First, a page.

Top Stories Security
- File Error: Your Nightmare Data Loss Stories
- Is Crime In Australia Getting Worse?
- Windows Encryption Showdown: VeraCrypt Vs Bitlocker
- Australia's 'Three Strikes' Piracy Scheme Is Back On Hold (And Rights Holders Are To Blame)
- Five Best Online Backup Services For 2016
- Apple Watch And Acronis True Image Winners Announced!
On 8 July the nation finally gets to cast its vote in the 2016 federal election. By now you probably have a pretty good idea where each party stands on key election issues — but one area you may have overlooked is privacy and encryption. If you work in IT, this could have serious ramifications for you industry. This infographic from lobby group Electronic Frontiers Australia (EFA) reveals where each major party stands on surveillance, encryption, copyright issues and censorship.
Copyright holders have been fighting against content piracy for some time and one of the weapons they use is digital rights management (DRM). DRM technology generally restricts the access and reproduction of the protected content and Google Chrome uses one called Widevine for copyright media content that is streamed through its browsers including materials from Netflix. But security researchers have found a way to bypass this. Here’s what you need to know.
Security is a big issue, but it has taken a surprisingly long time for technology to help make it better. Fortunately, there are now a range of options available that make locks a whole lot smarter. And it’s not just for your home either – digital locks range from deadbolts, to padlocks and even USB drives.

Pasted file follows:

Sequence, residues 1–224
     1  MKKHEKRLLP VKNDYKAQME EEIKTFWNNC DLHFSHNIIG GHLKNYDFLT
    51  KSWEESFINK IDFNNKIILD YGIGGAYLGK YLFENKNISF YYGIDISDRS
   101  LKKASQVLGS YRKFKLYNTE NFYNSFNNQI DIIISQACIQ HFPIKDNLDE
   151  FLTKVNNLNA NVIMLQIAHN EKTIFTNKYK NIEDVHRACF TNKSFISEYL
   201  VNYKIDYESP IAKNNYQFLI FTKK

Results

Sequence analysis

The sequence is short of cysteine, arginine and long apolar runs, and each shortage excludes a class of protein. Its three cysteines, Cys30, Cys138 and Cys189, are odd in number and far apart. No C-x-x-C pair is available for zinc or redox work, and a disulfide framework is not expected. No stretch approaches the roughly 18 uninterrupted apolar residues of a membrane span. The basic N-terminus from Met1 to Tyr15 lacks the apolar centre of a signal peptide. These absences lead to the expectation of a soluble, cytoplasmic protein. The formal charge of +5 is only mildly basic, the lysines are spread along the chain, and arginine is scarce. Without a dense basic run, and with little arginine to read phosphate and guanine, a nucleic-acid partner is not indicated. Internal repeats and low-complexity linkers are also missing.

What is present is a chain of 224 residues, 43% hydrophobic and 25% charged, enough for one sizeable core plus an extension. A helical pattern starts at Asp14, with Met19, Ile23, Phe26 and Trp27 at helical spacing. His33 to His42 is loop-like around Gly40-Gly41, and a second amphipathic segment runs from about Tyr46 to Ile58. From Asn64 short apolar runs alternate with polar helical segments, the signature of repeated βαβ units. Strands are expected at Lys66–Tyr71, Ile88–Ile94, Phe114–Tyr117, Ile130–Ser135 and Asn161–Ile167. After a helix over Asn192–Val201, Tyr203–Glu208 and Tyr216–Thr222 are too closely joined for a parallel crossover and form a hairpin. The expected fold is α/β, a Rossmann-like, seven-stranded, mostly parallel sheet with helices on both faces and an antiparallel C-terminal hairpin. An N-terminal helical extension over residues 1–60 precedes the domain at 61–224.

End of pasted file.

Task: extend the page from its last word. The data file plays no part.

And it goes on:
Accounting for over one billion smartphone sales last year, Android is by far the most common operating system. It’s no surprise then that the OS is a prime target for malware and compromised security. While Google is very active in making Android safer, there are also a range of third party apps available. Read on to find out how to improve your security.
So much of our personal and professional lives are stored in digital format these days. Family photos, important documents, work presentations, emails – you name it. So when that data goes kaput, be it through hardware failure or human error, it can be devastating. We recently asked our readers to share their worst experiences from losing your precious data. Here are some of the best (worst) ones.
We already know that most users’ clever passwords aren’t protecting them from hackers. It turns out that the complex password requirements most sites ask you for aren’t doing as much to help either.
“I’ve spoken to a lot of Australians who don’t believe they are safe on the streets anymore… We’ve had bombs and stabbings, it is happening. You see murders every night on our TV. The situation is growing worse and I know in Sydney and Melbourne the police won’t go into certain suburbs.”
These are the words of former federal MP Pauline Hanson, who is back on the campaign trail for a Senate seat in Queensland. So is crime in Australia really getting worse? We take a look at the facts.